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The Peacock Skirt

Artist: Aubrey Beardsley
Created: 1893
Format: Pen and ink illustration
Location: Collection of Dr. Michael Richard Barclay

‘The Peacock Skirt’, one of Aubrey Beardsley’s best known illustrations, was inspired by one of the works of James McNeill Whistler (1834-1903) entitled, ‘The Princess from the Land of Porcelain’. This painting hung in the Peacock Room (dining room in the home of wealthy English ship owner Frederick R. Leyland), right above the fireplace amongst a decorative collection of Chinese porcelain. Whistler was said to have been very resentful upon viewing the illustration, regarding it as a blatant copy of his work.

Inspired by the decorative art of the Nouveau Age, ‘The Peacock Skirt’ was created for the French version of Oscar Wilde’s scandalous one-act play ‘Salomé’ (1893). The original English version ‘Salome’ (1891) was banned because the law forbade the depiction of Biblical characters onstage. 

The black and white distinctive lines and patterns of ‘The Peacock Skirt’ were representative of the bold and graphic style made popular by Japanese artists such as Utamaro and Kokuyei from the late 18th and 19th centuries. In the illustration, the young and beautiful Salome, daughter of Herod and Herodias, uses her beauty to persuade the Syrian Captain of the guard to release his prisoner John the Baptist. As legend has it, when John the Baptist denies her affections, she uses her influence to have him executed.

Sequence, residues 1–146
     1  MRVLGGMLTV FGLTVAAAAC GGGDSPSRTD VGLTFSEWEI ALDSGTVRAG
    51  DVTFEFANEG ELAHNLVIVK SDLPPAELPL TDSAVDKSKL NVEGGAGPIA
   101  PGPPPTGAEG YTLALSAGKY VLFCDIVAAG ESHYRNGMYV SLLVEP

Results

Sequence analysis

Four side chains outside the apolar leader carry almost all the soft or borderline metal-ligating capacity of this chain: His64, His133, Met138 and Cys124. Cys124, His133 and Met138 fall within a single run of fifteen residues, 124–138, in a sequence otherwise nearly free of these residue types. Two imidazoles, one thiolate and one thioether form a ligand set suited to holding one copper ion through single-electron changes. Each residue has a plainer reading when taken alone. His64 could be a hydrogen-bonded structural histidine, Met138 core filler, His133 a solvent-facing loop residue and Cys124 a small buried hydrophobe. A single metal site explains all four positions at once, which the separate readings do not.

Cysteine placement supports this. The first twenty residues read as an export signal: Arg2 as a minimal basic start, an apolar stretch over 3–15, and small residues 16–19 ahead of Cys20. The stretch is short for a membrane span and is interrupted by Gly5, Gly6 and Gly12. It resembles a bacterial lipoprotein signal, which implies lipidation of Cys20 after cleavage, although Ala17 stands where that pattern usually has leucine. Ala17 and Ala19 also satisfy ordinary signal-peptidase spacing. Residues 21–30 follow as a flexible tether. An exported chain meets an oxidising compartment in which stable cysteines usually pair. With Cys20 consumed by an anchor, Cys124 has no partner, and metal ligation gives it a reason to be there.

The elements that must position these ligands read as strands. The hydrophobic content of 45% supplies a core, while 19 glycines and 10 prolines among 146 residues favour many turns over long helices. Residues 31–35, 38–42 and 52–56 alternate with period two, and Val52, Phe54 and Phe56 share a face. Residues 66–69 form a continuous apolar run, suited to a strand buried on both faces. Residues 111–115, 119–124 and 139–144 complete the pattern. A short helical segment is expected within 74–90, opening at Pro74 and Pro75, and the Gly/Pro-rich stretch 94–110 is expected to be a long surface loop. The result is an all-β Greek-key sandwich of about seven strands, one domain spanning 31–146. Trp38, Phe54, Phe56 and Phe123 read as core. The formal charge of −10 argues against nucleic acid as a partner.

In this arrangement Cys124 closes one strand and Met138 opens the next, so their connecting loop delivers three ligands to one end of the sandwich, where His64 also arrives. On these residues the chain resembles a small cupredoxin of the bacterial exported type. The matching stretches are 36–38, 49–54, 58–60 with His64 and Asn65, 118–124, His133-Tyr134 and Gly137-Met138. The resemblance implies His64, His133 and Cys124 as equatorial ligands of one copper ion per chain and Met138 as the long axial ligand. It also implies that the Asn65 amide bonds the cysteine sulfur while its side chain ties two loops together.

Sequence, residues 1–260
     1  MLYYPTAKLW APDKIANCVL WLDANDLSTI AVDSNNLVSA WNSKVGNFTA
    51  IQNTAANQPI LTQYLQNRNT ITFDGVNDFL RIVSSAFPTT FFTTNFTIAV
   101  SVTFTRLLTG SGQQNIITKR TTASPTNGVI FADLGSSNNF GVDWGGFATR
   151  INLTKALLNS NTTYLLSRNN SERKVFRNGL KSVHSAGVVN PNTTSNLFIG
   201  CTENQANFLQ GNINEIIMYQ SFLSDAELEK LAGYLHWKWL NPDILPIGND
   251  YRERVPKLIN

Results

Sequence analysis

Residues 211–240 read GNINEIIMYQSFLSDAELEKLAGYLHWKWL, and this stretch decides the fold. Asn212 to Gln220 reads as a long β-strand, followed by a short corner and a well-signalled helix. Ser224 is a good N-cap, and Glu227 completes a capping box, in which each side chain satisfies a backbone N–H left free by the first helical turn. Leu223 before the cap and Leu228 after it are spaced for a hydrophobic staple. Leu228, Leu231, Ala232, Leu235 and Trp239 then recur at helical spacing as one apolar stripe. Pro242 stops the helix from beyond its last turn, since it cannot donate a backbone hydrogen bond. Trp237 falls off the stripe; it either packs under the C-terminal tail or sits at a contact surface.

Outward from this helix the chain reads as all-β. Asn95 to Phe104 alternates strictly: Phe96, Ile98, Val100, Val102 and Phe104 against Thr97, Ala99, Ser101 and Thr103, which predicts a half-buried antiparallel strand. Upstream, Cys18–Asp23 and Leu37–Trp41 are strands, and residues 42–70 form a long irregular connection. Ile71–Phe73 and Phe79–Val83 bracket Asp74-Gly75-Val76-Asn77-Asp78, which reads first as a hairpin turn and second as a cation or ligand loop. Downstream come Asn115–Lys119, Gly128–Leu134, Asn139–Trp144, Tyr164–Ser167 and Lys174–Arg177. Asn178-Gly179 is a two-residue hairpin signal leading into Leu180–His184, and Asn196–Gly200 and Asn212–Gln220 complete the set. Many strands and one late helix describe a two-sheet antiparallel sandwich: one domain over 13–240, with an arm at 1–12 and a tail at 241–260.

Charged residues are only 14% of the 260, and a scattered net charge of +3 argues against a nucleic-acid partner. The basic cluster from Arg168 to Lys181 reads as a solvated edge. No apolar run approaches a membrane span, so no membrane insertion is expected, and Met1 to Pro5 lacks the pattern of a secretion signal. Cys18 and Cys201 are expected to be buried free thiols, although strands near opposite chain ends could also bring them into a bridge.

Wilde became infuriated when the critics took more notice of the illustrations than they did the play. In a jealous effort to discredit the artist, he was quoted by writer Ian Fletcher as saying: “I admire, I do not like Aubrey’s illustrations. They are too Japanese, while my play is Byzantine”.

The play inspired Lord Alfred Douglas to translate the play into a book published by Elkin Mathews and John Lane (London, 1894). The book featured 28 of Beardsley’s sensual and erotic illustrations, and won the artist both widespread notoriety and controversial reviews. Although most of the comments were encouraging, The Times regarded the artist’s work as “unintelligible for the most part and, repulsive”. Aubrey Beardsley responded to the criticism of his work by eloquently saying, "I have one aim - the grotesque. If I am not grotesque I am nothing." ‘The Peacock Skirt’ remains one of the artist’s most popular illustrations of his career.

 

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